Because of their wealth and their passion for funding free market causes and organizations, the Koch brothers – Charles and David -- have been blamed for everything from backing desegregation in schools, to “repeal[ing] every major piece of legislation that has been signed into law over the past 80 years that has protected the middle class, the elderly, the children, the sick, and the most vulnerable in this country”; as claimed by Socialist presidential candidate Bernie Sanders in a section of his official Senate website dedicated just to the Koch brothers.
Socialist hyperbole aside, the Left’s obsession with the Koch brothers was on display just last week in a speech by President Barack Obama at the National Clean Energy Summit in Las Vegas. Obama accused the brothers by name of using their powers to squash solar energy and keep emerging clean energy companies from becoming a competitor to their fossil fuel empire. “That’s not the American way,” Obama lectured from his bully pulpit as his Senate lapdog, Harry Reid, watched approvingly; concluding that the brothers are “rent seeking” and “trying to protect old ways of doing business.”
The irony of the President’s sanctimonious speech against “crony capitalism” was not lost, least of all on Charles Koch, a main target of Obama’s tirade. “I don’t know whether he knows what that phrase means, but ‘rent seeking,’ of course, is, in economic terms, getting the government to rig the system in your favor,” Charles told Politico. “And that’s exactly what these so-called ‘renewable energy’ proponents are doing.”
In fact, only a day before Obama made his politically-based remarks about the Kochs’ opposition to further taxpayer-funded gambles on green energy companies, the Inspector General for the federal Department of Energy released its findings from a four-year investigation into how Obama’s first major “renewable energy” loan, to a then-little known company called Solyndra, ended up costing taxpayers more than $500 million. The report found that Solyndra executives intentionally mislead officials overseeing the loan process, and that “political pressure” stemming from “significant interest in the program from Department leadership, the Administration, [and] Congress,” were reasons why these discrepancies were not caught.
The Energy Department called the findings of this report “lessons learned” for how to grant an additional $40 billion in loans to other companies in support of “green energy” projects. Instead, the report should serve as a clear reminder why corporate cronyism masquerading as market “incentives,” is bad for the market and especially for the American taxpayers who wind up footing the bill. The Koch brothers have been warning and fighting against such politically-motivated market manipulation for more than five decades.
Charles Koch readily admits that Koch Industries indirectly benefits “tremendously” from federal subsidies, simply because of how deeply imbued corporate welfare is within the nation’s economy. However, were it up to the Koch brothers, they would “do away with them all.” “And, believe me,” Charles Koch continued in his Politico interview, “a lot of our products are protected by it.” This axiomatic view can be seen in the Kochs’ support of the Keystone Pipeline; not because they stand to make a huge windfall -- if anything, it would create more competition for them -- but because it is the free market thing to do.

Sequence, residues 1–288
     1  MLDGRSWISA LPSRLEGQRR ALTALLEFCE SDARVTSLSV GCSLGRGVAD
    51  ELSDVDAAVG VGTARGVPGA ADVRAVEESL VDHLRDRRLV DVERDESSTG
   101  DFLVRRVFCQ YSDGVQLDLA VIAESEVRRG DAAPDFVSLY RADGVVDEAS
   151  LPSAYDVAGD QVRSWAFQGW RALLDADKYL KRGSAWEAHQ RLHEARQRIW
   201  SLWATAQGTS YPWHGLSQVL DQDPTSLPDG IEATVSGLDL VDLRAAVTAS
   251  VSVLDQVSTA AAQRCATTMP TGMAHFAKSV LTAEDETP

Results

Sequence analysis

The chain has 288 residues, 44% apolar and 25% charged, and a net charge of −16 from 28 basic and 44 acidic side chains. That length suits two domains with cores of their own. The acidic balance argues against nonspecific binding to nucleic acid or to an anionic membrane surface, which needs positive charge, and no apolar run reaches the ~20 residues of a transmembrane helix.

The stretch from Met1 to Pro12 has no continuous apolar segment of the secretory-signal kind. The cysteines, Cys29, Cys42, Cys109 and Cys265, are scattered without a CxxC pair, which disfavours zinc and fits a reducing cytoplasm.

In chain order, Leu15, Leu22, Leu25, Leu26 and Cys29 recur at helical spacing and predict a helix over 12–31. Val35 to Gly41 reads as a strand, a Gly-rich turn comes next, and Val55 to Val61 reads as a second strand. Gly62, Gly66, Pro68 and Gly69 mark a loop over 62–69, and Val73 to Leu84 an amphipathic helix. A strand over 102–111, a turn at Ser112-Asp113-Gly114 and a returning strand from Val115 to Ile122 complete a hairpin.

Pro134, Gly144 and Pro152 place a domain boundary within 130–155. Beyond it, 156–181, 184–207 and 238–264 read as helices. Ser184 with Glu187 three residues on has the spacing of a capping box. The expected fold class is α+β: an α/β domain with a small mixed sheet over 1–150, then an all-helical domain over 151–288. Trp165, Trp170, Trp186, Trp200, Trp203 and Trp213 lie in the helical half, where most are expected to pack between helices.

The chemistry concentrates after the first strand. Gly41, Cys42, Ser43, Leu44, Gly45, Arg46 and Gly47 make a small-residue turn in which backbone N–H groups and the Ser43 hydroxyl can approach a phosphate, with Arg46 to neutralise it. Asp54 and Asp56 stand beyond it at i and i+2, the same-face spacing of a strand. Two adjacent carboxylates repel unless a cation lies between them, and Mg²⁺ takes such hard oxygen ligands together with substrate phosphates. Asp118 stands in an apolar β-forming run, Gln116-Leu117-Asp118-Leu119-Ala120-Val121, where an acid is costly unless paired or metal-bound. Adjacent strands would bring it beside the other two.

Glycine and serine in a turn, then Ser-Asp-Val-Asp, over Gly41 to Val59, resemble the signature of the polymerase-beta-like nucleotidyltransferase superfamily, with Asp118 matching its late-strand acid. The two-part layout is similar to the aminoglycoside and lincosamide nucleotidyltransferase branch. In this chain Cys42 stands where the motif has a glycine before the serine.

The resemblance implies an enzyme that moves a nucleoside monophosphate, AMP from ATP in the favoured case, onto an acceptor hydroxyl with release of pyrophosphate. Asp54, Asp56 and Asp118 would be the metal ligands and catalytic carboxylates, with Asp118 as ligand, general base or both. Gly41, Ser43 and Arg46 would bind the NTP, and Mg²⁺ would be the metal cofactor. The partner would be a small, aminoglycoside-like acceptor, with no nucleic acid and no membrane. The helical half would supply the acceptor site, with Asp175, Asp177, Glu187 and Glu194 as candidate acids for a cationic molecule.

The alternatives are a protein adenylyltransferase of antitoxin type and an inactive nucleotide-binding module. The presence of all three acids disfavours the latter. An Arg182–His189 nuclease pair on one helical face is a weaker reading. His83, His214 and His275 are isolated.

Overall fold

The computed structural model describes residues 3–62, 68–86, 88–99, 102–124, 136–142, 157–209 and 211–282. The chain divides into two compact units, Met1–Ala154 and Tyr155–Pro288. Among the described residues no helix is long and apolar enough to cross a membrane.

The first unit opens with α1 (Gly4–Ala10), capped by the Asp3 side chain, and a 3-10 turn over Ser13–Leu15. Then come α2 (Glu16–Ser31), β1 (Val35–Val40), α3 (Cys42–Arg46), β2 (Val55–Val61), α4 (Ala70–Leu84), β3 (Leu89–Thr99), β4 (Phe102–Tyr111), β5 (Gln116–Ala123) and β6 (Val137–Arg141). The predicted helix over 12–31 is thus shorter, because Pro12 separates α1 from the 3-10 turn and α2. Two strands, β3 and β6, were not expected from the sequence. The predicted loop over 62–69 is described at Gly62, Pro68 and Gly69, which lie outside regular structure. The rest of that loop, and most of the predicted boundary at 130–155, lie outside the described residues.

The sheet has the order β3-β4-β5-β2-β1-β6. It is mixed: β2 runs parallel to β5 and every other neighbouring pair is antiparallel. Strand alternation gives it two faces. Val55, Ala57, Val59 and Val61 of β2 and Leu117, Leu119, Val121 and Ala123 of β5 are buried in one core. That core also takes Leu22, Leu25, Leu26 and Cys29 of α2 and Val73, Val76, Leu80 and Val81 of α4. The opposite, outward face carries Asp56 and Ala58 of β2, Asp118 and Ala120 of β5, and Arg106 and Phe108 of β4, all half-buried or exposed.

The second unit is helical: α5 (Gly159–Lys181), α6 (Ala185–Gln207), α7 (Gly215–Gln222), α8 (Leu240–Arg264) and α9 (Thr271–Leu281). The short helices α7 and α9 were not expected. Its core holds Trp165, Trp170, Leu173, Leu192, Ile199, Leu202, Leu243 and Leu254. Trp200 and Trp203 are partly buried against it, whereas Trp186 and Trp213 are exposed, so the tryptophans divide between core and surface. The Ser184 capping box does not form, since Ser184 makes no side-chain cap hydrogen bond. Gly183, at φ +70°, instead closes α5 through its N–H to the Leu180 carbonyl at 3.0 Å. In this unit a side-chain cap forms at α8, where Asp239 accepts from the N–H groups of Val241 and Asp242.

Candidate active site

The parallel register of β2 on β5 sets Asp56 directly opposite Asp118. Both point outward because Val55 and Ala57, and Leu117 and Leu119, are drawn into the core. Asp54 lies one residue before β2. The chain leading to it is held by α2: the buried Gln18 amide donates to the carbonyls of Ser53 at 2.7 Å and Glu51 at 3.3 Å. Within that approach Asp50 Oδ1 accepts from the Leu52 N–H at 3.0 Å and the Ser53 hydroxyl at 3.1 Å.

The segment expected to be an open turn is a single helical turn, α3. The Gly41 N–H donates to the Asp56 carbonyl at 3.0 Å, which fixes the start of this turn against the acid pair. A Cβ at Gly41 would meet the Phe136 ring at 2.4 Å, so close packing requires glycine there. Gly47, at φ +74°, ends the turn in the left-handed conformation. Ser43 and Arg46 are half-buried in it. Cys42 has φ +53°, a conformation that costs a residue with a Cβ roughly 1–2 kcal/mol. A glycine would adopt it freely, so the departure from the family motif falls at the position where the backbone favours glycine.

Therein lies the key difference between the Kochs and political hacks like Obama, Reid, and Rep. Nancy Pelosi, all who have used their positions to enrich themselves, their supporters, and those around them. When it comes to corporate welfare, the Kochs sound like the liberals Obama and his cohorts want to be but cannot, because of their addiction to the power corporate welfare gives them inside the Beltway. As one of Ayn Rand’s “moochers” in Atlas Shrugged notedwhen discussing sweeping new limitations on business, “The people need it…so we don’t have to consider anything else.”
Of course, it is not only Democrats who justify corporate welfare as a means by which they are furthering the interests of taxpayers. Republican governors frequently use the power of “targeted” tax incentives as a way to lure companies into relocating to their states. Bringing more jobs into the state often appears a win-win for taxpayers and for governors facing reelection; but such gambles do not always go according to plan. For example, North Carolina officials helped negotiate a 10-year deal worth $22 million in tax incentives for the Chiquita Brands International to relocate to Charlotte, but the company left only a few years later; mouthing a hollow promise to repay the incentives it received as a part of the deal. Republican Governor Pat McCrory wasted no time in seeking more funding for this incentive program to use for other prospects.
Similarly in South Carolina, Republican Governor Nikki Haley is under heat for increasing her state’s “incentive” funding by reportedly 800 percent during her tenure.
Be it solving “global warming” or trying to create more economic opportunities, in reality government officials have neither the right nor the ability to play “venture capitalist” with taxpayer cash. The government’s job is not to pick the winners and losers in the market place, whether by direct incentive payments or indirect tax benefits.
However, when a Republican presidential candidate like Donald Trump can brag openly about “buying” politicians and be cheered for it by his fans, we are going to need many more “Koch Brothers” than just two, if we are to have any hope of seriously dismantling the crony capitalism that has so deeply infected our government and our economy.